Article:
· liver disease, including an enlarged liver, cirrhosis, cancer, and liver failure
· damage to the pancreas, possibly causing diabetes
· heart abnormalities, such as irregular heart rhythms or congestive heart failure
· early menopause
· abnormal pigmentation of the skin, making it look gray or bronze
· thyroid deficiency
· damage to the adrenal gland
A thorough medical history, a physical examination, and routine blood tests help rule out other conditions that could be causing the symptoms. This information often provides helpful clues, such as a family history of arthritis or unexplained liver disease.
Blood tests can determine whether the amount of iron stored in the body is too high. The transferrin saturation test determines how much iron is bound to the protein that carries iron in the blood. The total iron binding capacity (TIBC) test measures how well your blood can transport iron. The serum ferritin test shows the level of iron in the liver. If either of these tests shows higher than normal levels of iron in the body, doctors can order a special blood test to detect the HFE mutation, which will help confirm the diagnosis. (If the mutation is not present, hereditary hemochromatosis is not the reason for the iron buildup, and the doctor will look for other causes.) A liver biopsy, in which a tiny piece of liver tissue is removed and examined under a microscope, may be needed. It will show how much iron has accumulated in the liver and whether the liver is damaged.
Hemochromatosis is often undiagnosed and untreated. It is considered rare and doctors may not think to test for it. The initial symptoms can be diverse and vague and can mimic the symptoms of many other diseases. Also, doctors may focus on the conditions caused by hemochromatosis-arthritis, liver disease, heart disease, or diabetes-rather than on the underlying iron overload. However, if the iron overload caused by hemochromatosis is diagnosed and treated before organ damage has occurred, a person can live a normal, healthy life.
Hemochromatosis is usually treated by a specialist in liver disorders (hepatologist), digestive disorders (gastroenterologist), or blood disorders (hematologist). Because of the other problems associated with hemochromatosis, several other specialists may be on the treatment team, such as an endocrinologist, cardiologist, or rheumatologist. Internists or family practitioners can also treat the disease.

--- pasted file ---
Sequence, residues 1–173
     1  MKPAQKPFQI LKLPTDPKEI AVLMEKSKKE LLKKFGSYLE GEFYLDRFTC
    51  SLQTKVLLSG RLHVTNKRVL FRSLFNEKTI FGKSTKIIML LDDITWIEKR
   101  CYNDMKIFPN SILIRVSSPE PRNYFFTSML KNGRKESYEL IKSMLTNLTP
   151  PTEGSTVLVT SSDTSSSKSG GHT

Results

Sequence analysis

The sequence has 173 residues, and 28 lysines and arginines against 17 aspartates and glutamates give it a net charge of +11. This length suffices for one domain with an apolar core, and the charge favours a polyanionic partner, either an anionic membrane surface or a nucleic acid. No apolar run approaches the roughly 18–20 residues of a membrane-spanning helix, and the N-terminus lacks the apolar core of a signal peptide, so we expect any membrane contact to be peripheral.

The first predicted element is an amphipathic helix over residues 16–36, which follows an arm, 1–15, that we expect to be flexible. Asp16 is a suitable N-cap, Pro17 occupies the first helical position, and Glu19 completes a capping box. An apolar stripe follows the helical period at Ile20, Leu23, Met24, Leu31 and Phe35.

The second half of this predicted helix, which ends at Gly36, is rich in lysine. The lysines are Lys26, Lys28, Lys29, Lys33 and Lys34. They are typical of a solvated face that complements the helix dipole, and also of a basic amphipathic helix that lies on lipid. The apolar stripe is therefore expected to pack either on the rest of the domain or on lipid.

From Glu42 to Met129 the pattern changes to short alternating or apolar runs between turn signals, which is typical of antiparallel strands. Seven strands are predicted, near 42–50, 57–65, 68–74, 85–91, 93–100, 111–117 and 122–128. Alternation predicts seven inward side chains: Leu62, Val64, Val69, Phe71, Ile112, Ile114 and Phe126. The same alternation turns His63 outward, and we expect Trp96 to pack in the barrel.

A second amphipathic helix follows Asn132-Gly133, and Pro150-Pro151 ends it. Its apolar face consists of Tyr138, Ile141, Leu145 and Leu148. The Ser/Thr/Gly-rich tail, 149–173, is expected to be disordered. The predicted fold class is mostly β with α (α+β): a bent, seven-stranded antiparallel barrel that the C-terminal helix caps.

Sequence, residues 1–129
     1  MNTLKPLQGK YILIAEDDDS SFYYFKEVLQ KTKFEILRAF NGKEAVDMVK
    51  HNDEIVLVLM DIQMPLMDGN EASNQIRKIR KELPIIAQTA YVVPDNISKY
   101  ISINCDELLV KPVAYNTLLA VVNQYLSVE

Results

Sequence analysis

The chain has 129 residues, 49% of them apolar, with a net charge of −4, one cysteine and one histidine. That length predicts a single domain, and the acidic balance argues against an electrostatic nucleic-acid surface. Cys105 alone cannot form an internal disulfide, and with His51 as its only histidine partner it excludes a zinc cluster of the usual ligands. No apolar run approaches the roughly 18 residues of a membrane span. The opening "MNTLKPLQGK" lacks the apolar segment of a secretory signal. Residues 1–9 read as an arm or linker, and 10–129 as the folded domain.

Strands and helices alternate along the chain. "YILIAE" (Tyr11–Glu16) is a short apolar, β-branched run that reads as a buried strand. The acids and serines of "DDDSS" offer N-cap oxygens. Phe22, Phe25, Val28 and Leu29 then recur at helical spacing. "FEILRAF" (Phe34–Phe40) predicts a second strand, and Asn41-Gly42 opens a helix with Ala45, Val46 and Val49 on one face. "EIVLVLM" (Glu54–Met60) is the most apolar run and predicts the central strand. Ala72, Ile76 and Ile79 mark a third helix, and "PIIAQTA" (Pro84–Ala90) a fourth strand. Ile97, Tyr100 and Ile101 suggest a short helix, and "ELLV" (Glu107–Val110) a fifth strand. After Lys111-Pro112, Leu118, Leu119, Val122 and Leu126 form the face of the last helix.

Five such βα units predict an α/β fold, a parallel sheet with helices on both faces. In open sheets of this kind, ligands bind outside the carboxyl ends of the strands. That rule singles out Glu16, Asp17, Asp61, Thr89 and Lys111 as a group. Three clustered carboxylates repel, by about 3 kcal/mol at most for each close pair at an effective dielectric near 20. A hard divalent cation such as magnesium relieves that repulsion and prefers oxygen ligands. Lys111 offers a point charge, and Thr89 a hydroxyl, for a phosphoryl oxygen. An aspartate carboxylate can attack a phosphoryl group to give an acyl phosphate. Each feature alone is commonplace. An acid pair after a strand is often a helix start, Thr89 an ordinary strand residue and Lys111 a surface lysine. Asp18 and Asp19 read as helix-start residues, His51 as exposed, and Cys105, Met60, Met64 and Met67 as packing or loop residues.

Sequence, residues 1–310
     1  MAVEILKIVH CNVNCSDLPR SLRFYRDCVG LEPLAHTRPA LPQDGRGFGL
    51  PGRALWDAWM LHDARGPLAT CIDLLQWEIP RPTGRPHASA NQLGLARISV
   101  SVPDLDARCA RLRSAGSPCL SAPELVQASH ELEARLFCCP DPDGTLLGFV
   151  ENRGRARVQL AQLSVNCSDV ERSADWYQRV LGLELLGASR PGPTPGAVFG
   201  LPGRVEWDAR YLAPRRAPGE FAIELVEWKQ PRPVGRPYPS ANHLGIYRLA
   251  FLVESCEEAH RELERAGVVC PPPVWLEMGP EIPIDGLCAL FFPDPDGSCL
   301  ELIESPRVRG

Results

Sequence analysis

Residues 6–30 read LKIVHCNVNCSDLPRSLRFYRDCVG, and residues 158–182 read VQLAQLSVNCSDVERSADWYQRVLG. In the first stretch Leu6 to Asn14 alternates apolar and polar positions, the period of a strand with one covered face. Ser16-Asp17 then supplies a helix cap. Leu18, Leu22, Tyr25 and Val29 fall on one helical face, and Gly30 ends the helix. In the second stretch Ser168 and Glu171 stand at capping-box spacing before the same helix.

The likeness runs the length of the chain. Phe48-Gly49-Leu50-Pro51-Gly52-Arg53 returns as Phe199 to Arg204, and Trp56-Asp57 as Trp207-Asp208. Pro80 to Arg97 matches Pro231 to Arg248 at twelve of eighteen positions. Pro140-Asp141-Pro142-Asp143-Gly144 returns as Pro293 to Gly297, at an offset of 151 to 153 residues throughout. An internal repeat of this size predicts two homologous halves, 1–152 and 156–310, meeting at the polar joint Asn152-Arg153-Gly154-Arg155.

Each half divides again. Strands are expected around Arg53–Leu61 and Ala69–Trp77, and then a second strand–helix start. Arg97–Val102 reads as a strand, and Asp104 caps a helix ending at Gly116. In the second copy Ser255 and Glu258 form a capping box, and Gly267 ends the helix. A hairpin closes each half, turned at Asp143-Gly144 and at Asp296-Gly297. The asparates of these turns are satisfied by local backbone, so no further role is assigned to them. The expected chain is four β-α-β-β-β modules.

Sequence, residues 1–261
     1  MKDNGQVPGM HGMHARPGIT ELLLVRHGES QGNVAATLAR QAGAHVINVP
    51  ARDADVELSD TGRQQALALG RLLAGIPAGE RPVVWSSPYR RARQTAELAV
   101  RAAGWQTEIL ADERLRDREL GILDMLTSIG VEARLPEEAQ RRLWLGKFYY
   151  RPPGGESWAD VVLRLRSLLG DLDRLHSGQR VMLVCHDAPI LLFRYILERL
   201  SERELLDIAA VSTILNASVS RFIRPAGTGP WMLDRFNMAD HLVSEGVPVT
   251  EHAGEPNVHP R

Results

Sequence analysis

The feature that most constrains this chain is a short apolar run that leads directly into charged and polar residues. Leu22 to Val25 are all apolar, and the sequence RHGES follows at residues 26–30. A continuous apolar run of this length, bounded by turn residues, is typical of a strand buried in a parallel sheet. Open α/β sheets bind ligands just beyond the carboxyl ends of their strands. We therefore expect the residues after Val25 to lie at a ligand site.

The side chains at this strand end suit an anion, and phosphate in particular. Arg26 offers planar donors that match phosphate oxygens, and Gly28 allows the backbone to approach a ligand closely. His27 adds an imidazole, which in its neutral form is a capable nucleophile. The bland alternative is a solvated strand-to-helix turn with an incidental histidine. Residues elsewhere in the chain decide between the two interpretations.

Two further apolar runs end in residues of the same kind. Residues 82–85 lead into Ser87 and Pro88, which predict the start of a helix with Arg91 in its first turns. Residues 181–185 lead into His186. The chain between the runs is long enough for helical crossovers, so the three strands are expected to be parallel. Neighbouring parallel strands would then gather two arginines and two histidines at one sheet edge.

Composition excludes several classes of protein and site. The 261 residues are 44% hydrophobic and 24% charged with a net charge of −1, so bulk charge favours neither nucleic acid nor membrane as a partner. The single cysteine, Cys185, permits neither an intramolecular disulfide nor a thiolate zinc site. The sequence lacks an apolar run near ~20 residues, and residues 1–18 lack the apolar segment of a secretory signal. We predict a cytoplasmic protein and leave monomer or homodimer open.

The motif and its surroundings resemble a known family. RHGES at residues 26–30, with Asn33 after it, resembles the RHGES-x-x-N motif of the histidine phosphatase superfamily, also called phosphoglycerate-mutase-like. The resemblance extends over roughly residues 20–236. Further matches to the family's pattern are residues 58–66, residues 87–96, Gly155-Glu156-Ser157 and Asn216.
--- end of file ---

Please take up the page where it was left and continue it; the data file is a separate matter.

Treatment is simple, inexpensive, and safe. The first step is to rid the body of excess iron. The process is called phlebotomy, which means removing blood the same way it is drawn from donors at blood banks. Depending on how severe the iron overload is, a pint of blood will be taken once or twice a week for several months to a year, and occasionally longer. Blood ferritin levels will be tested periodically to monitor iron levels. The goal is to bring blood ferritin levels to the low end of normal and keep them there. Depending on the lab, that means 25 to 50 micrograms of ferritin per liter of serum. Depending on the amount of iron overload at diagnosis, reaching normal levels can take many phlebotomies.
Once iron levels return to normal, maintenance therapy, which involves giving a pint of blood every 2 to 4 months for life, begins. Some people may need it more often. An annual blood ferritin test will help determine how often blood should be removed.
The earlier hemochromatosis is diagnosed and treated in appropriate cases, the better. If treatment begins before any organs are damaged, associated conditions-such as liver disease, heart disease, arthritis, and diabetes-can be prevented. The outlook for people who already have these conditions at diagnosis depends on the degree of organ damage. For example, treating hemochromatosis can stop the progression of liver disease in its early stages, which means a normal life expectancy. However, if cirrhosis has developed, the person’s risk of developing liver cancer increases, even if iron stores are reduced to normal levels. Appropriate regular follow-up with a specialist is necessary.